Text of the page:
The most common questions we hear about Bitcoin, is 'What is Bitcoin?', and 'Why Should I use it?'. A consortium of Bitcoin insiders is attempting to answer these questions. The group, which includes BitFury, Bitgo and ChangeTip, has recently hired social media marketing secialists theAudience for a global campaign to educate the masses about Bitcoin.
It is hoped that the power of social media will help generate a large scale adoption of Bitcoin. Educating about the blockchain and all things Bitcoin, is an essential part of growing the cryptocurrency. Increased awareness and understanding can only lead to good things, but is it enough to generate large scale use of Bitcoin?
Along with the consortium, a brand new start up calling itself 21 Inc, has just announced that they have raised $116 Million in venture capital. It is the largest venture capital raising to date for investment in digital currency. There are no specifics about what 21 Inc intends to do with the money, but they say it will be used to develop both software and hardware which they feel will help Bitcoin gain main stream adoption.
Like many people, I first heard the word Bitcoin on social media. In late 2013, every time I discussed currencies, I would see very enthusiastic posts about Bitcoin. People were very excited about this new virtual money that they believed would 'disrupt' existing fiat currencies into obsolescence. I was skeptical, but at the same time interested enough to want to know more details.
Social media got me started on a year of learning about Bitcoin and cryptocurrency. Learning about Bitcoin has not made me an adopter. I understand how it works, and the internet is full of people telling me how great it is, but I have no reason to use it. For me, Bitcoin offers no benefit over normal fiat money. I'd like to share my streetonomic view on what Bitcoin is, and reasons I have not used it
What is Bitcoin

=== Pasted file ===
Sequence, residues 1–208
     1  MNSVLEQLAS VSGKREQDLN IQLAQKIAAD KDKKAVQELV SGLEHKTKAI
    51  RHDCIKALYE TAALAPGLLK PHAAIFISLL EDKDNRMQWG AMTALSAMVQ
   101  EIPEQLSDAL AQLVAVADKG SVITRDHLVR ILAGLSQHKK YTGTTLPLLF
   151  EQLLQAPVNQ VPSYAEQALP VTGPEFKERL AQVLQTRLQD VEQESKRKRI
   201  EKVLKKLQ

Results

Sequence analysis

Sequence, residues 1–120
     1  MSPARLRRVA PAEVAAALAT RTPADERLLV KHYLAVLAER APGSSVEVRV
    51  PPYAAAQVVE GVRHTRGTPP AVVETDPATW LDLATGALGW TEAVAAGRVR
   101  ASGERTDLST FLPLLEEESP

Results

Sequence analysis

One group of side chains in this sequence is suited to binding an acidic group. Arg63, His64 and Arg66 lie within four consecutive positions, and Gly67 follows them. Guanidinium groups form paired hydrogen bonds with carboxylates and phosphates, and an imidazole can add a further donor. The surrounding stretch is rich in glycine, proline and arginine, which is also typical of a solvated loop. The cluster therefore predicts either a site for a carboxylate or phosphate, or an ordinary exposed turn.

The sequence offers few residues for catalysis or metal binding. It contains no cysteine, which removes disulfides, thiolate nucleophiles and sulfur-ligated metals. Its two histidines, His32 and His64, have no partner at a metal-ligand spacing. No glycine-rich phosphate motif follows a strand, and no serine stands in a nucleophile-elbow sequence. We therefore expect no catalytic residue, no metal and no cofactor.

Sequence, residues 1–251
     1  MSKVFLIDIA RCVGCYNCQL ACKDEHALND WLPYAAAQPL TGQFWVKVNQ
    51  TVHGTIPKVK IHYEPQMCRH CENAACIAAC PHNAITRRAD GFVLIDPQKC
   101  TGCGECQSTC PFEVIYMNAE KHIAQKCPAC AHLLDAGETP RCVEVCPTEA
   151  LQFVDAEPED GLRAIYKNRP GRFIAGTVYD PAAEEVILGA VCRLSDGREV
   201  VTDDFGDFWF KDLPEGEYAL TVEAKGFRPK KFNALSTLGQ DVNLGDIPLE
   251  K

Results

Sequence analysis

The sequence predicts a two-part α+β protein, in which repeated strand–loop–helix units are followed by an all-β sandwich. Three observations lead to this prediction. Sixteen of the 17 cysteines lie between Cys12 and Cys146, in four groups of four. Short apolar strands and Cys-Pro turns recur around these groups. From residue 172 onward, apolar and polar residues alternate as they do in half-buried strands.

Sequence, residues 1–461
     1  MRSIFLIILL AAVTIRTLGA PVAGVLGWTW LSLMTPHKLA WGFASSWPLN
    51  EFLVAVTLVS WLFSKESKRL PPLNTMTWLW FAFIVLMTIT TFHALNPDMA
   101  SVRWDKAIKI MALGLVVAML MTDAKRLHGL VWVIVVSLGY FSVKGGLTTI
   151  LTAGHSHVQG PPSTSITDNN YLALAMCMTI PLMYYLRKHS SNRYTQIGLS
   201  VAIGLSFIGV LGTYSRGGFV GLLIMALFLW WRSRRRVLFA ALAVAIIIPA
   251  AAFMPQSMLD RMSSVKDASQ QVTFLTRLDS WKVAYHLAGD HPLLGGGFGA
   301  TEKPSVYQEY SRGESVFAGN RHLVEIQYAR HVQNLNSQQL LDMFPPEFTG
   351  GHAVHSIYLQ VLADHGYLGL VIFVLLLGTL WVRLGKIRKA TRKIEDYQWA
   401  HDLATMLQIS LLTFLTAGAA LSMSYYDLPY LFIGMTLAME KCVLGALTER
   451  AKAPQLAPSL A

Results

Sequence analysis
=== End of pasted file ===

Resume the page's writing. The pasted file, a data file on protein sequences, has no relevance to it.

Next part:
A simple definition of Bitcoin, is that it is a form of electronic money. It uses the internet to enable people who use it, to send amounts of Bitcoin around the world at high speeds with minimal costs. It bypasses middle men, such as banks, and lets people deal directly with each other. It is similar to how email enabled us to send letters without using a fax or the postal service. There are several digital currencies, or cryptocurrencies, but Bitcoin is by far the best known.
Bitcoin was first created in 2009, during the height of the GFC, by the mysterious Satoshi Nakamto, who published this paper about Bitcoin. Nobody is certain who he is, and some believe the name represents a group of people. Inspired by the financial crisis, Satoshi designed Bitcoin with the goal of creating a currency for the people, run by the people.
Unlike conventional currency, Bitcoin, like all cryptocurrency, is not underwritten by a central bank, and is not backed by any Government. It is supported by a Peer to Peer network of computers called 'The Blockchain', which is maintained by members of the Bitcoin community known as miners. handles both the transfer of Bitcoin, and the creation of new Bitcoin. This means that Bitcoin does not rely on trusted third parties, and can not be influenced by central bank or government policies.
The Blockchain is the underlying technology which, supporters believe, make Bitcoin an improvement to existing government issued cash. Below are a few of the basic features which differentiate Bitcoin from other money:
- It runs an open ledger - the Blockchain keeps a permanent record of every Bitcoin transaction that has ever occurred.
- It is open source - anyone can become a miner and gain access to the entire Blockchain. There is no central party who controls Bitcoin
- Transactions are approved through consensus - more than half the computers on the network have to agree before a transaction takes place. This prevents double spending and protects the currency from fraudulent activity.